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Bar

The bar (or measure) structures a musical work in equal time units.

Bars and bar lines

A musical work is divided into several bars. Each bar of a piece has the same number of beats. The bars are separated by bar lines.

Bar lines

The bar line is a vertical line which crosses the five staff lines. The last bar of the piece is indicated by a final bar (a thin line followed by a thick line).

Bars and bar lines
FIGURE 1 - Ah! vous dirai-je maman

The bar lines are green. Between two bar lines, there is a bar (or measure). At the end of the song is the final bar line (in orange). In all, this piece contains 8 bars.

The time signature  indicates that each bar has 2 beats and that the value of one beat is equal to the quarter note.

Later in this course, a paragraph is devoted to the introduction on the time signature

If the work has several instruments and/or several staves per instrument, the vertical line crosses all staves of the same instrumental section (section of wind instruments, string instruments, etc.).

Bar lines crossing a staff system
In the following figure, the bar lines cross the entire section of the string instruments (from Violin I to Cello). Only the Violin solo is apart (1st staff up, in orange), its bar lines are not connected to the other staves to better distinguish it from the other instruments. Nevertheless, the bar lines are vertically aligned.

FIGURE 2 - The four seasons: Spring - Antonio Vivaldi

Time signature

In order to indicate the number of beats in a bar, we write at the beginning of the work the time signature (also called "meter signature" or "measure signature"). Time signature is formed by two numbers, one on the other — it is a kind of fraction, but without a horizontal line — and is placed right after the key signature (or the clef if there is no key signature), just before the first note of the song.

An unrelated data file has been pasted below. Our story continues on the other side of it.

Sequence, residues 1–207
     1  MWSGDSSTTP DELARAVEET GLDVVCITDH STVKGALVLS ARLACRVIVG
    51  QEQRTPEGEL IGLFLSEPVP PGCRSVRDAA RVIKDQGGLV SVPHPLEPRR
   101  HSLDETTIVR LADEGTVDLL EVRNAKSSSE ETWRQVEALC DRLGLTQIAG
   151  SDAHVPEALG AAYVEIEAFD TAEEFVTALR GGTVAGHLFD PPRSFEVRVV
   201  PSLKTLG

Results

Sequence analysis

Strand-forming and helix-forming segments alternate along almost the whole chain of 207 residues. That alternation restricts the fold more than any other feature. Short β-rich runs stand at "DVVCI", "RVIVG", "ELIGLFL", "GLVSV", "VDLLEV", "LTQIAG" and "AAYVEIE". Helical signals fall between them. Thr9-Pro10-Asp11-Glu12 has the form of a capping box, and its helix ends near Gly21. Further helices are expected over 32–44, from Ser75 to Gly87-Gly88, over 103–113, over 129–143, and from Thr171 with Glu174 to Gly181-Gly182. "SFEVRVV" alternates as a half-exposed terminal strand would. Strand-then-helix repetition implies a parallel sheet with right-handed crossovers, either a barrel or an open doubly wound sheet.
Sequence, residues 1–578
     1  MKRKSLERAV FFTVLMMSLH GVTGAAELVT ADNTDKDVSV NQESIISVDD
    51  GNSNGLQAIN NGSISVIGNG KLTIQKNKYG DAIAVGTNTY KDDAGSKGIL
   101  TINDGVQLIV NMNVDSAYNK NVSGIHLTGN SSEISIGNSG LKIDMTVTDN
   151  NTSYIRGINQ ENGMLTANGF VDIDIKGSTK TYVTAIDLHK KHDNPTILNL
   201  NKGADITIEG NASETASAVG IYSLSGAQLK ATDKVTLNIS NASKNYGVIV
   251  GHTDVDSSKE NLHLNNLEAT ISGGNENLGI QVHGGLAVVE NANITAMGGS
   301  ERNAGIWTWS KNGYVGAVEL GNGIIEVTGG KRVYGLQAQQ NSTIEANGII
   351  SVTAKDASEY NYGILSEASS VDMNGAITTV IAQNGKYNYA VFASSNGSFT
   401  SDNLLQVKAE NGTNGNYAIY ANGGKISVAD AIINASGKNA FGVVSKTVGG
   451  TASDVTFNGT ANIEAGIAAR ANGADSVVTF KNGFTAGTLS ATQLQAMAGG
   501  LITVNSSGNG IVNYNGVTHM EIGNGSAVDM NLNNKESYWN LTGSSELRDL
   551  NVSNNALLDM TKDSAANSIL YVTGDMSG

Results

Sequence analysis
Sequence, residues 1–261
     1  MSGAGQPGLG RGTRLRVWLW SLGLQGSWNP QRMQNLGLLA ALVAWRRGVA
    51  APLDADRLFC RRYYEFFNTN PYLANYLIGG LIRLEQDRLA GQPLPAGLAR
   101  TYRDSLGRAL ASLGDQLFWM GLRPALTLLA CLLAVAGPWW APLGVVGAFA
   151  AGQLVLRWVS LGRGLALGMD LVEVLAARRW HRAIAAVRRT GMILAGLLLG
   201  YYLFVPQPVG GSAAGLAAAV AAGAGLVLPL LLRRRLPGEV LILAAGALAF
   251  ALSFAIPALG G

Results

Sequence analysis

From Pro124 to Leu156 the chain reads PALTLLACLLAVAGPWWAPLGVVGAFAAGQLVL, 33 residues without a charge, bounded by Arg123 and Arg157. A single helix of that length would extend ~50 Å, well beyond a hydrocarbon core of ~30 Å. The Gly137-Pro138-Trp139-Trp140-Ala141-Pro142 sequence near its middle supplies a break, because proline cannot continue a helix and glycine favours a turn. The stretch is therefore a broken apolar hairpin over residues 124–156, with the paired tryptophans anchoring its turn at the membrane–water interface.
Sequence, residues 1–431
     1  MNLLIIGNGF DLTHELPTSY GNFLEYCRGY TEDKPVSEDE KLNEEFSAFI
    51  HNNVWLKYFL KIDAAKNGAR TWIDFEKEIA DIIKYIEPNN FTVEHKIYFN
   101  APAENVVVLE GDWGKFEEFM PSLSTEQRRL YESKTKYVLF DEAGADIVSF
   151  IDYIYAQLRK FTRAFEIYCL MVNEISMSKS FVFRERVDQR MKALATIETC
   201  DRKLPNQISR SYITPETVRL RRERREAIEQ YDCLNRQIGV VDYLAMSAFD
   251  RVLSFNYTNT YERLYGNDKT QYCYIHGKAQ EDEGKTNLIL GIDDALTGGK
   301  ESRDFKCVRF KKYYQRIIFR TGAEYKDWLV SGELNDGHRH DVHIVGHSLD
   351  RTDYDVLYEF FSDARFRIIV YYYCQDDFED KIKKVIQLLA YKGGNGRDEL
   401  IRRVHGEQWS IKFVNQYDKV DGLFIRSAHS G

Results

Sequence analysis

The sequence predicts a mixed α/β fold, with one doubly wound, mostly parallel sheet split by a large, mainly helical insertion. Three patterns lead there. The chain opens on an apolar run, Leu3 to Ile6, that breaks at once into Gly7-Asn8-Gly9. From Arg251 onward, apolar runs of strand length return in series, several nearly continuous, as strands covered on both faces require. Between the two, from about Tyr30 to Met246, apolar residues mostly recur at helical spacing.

Time signature position

FIGURE 3 - Time signature position without any key signature

FIGURE 4 - Time signature position with a key signature

Unlike the key signature that is indicated at each new staff, the time signature is only indicated at the beginning of the work. It may happen, however, that a composer wishes to change the time signature during the song, in which case a new time signature is indicated.

The time signature is explained in detail in a dedicated course.

Measure numbering

In order to better find your way in a score, especially in a rehearsal context with other musicians, the measures are numbered. However, to avoid overloading the score, only the numbers of the measures at the beginning of the staff are written, except for the first measure of the song.

The bar numbers are placed above the staff, at the beginning of the bar.

Measure numbering

FIGURE 5 - Prelude to the Suite No. 1 for Cello - J.-S. Bach

Anacrusis (Pickup measure)

Sometimes the first measure of a piece is incomplete: this is called an anacrusis or a pickup measure. The song starts with an upbeat, before the first beat of the first complete measure.

This is the case in the excerpt of Vivaldi's Four seasons (Figures 2 and 4). The first measure contains only a single eighth while the time signature indicates 4 beats (). The eighth value is half a beat, it misses 3 beats and a half to make a complete measure: it is therefore an anacrusis.

The anacrusis is not taken into account in the measure numbering. In case of anacrusis, the measure No. 1 is therefore the first complete measure, that is to say the one following the anacrusis.

Last update on 2018/12/21

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